The sextortion of boys and young men is being increasingly reported - often targeted through dating apps, social media, gaming or pornography sites.

Criminals may use a fake identity to befriend a child or young person online. Sextortion can be committed by individuals, but organised crime gangs are usually behind it.

The term sextortion was created to combine the words ‘sexual’ and ‘extortion’ and can also be referred to as sexual extortion or sexually coerced extortion.

  • The video below, courtesy of the Police Service of Northern Ireland, shows a short example of what a sextortion conversation could look like.

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    If you are a young person who has been a victim, or is currently experiencing sextortion, the Internet Watch Foundation's Sexually Coerced Extortion or 'Sextortion' help and support page has lots of information to help you.

    If you don’t have a trusted adult you can talk to, and you’re under 18, you can speak to Childline for free by email, phone or in a 1-2-1 chat with a counsellor.

    Childline and the Internet Watch Foundation have also got the 'Report Remove' tool which is designed for you to confidentially report sexual images and videos of yourself that have been posted online. By using the tool, you will be supported in getting the images/videos removed from the internet.

  • If you are a parent or carer and you want to find out more about sextortion, the Digital Safety Team at West Sussex County Council has created a short parent guide that explains what sextortion is, what to do if your child is a victim, how and where to report to and where to find support.

    There is also a short video designed by the Digital Safety Team, which goes into more detail about sextortion and how it affects children and young people within West Sussex.

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    If a child or young person you know is experiencing sextortion, you can report it to Sussex Police by:

    • phoning 101 (use the textphone service on 18001 101 if you have a hearing or speech impairment)
    • reporting it online through the Sussex Police report a crime form.

    Victims under the age of 18 who have experienced any online sexual abuse or are worried about the way someone has been communicating with them online, should also report to the Child Exploitation and Online Protection website’s Safety Centre.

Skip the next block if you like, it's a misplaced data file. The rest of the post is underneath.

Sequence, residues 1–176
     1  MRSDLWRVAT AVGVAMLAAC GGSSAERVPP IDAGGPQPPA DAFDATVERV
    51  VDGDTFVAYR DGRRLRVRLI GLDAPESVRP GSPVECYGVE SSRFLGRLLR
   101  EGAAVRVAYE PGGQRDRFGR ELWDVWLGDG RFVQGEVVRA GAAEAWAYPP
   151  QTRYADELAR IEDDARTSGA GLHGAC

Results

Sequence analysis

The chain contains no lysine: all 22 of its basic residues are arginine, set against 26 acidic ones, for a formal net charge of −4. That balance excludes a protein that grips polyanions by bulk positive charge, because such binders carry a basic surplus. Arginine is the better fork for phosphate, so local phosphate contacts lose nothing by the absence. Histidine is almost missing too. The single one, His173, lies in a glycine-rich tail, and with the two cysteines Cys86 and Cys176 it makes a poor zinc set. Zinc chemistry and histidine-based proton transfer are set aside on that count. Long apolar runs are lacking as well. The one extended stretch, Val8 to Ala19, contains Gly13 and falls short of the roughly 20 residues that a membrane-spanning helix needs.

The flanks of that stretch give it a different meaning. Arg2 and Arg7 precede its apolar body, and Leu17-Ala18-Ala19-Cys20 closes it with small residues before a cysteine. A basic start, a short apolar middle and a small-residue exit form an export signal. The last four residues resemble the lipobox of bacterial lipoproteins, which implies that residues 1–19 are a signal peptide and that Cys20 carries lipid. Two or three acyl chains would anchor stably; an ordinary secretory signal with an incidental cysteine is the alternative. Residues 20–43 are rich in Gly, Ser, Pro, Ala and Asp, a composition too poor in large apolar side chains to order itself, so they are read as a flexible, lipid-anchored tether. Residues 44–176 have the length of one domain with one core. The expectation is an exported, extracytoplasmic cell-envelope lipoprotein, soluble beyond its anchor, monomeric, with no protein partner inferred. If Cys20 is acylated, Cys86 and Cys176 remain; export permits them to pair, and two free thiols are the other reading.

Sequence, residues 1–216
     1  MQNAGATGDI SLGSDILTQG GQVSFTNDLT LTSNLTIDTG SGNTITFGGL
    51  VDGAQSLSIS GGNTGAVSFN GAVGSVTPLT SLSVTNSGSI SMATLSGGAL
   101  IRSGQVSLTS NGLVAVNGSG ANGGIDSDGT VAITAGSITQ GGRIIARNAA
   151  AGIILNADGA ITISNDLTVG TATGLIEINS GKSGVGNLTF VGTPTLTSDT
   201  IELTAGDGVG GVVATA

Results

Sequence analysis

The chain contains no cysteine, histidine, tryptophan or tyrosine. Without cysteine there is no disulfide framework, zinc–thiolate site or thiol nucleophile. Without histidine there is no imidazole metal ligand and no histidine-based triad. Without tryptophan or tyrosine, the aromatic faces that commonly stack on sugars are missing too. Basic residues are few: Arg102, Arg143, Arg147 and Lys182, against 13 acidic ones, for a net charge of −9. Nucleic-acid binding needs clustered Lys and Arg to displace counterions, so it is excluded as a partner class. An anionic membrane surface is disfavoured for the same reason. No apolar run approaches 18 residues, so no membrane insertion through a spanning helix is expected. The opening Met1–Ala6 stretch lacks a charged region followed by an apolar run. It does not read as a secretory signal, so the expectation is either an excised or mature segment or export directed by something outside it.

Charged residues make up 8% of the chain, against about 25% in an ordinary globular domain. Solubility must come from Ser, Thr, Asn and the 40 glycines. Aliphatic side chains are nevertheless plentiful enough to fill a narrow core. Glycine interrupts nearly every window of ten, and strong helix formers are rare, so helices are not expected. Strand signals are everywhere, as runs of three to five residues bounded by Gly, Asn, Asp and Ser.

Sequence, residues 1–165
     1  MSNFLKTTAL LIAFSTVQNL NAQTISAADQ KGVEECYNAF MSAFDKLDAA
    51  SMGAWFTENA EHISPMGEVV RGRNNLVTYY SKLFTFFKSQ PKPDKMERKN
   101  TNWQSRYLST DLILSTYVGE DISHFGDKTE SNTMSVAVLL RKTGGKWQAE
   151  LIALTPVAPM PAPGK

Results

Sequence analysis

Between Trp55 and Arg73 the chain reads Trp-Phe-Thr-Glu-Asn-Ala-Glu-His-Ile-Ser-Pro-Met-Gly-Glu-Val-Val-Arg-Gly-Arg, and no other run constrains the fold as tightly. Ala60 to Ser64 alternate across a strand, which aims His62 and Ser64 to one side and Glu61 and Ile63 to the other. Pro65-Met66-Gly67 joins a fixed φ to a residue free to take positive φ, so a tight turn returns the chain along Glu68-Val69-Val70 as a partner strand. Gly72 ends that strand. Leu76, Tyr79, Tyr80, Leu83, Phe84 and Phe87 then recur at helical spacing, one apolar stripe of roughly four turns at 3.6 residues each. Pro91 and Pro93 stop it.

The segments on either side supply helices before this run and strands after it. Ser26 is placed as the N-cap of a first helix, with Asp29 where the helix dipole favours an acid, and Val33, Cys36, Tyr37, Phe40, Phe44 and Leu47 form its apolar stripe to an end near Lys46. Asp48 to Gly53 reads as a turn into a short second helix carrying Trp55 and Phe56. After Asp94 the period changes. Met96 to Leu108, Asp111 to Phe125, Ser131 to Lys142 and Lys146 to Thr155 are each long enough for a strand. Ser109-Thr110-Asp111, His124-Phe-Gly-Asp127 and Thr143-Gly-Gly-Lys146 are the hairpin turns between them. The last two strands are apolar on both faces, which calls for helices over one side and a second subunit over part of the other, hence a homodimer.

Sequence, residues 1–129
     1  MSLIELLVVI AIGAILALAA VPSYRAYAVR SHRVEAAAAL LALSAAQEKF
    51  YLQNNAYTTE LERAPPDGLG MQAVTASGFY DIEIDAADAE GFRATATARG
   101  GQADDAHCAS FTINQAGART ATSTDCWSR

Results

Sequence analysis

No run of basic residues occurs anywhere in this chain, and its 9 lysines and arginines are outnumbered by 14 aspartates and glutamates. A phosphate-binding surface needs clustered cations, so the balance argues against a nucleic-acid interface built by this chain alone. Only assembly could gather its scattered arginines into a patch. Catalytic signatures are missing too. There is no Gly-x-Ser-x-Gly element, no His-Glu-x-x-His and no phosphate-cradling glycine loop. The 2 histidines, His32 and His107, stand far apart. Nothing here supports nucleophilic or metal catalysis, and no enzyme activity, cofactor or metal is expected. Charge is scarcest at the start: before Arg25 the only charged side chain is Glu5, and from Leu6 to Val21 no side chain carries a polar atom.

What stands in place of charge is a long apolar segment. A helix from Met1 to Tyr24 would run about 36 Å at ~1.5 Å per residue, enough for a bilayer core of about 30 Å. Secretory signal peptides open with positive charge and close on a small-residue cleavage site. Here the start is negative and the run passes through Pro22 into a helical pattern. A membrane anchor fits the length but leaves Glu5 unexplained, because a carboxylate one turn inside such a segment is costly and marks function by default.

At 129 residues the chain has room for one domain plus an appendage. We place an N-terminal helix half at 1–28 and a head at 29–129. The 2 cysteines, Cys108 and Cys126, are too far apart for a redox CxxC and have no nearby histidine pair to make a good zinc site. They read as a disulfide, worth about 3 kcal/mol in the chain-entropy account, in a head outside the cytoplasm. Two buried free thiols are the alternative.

• In West Sussex the number of children and young people reporting that they have been a victim of sextortion has increased and the age of victims is getting younger.

    Children are being contacted via social media and gaming platforms and the financial loss for an individual can vary, but is commonly between £100 to £500. Payment to the perpetrator is most likely paid via PayPal or bank transfer.

    Sextortion offences disproportionately impact on male victims in both children and adults.

    Working with someone who has been sextorted

    If you are working with a child or young person who has been sextorted, or someone comes to you disclosing that they are a victim, don’t panic, there is plenty of help and support available.

    Firstly, check whether the victim has made any payment yet. If they haven’t, tell them not to pay.

    Make sure you save any evidence. This can be done by taking screenshots of the messages and collecting URL links to where the information is being shared online; if they are sharing the images/video already.

    Report it through the social media channel it happened on, for example, Facebook or Instagram. Most social media sites have rules against sharing intimate content without consent. You should be able to get the material removed.

    Make sure the victim blocks all communication with the person targeting them.


    Below are a list of resources which are there to support you with sextortion awareness, support and reporting: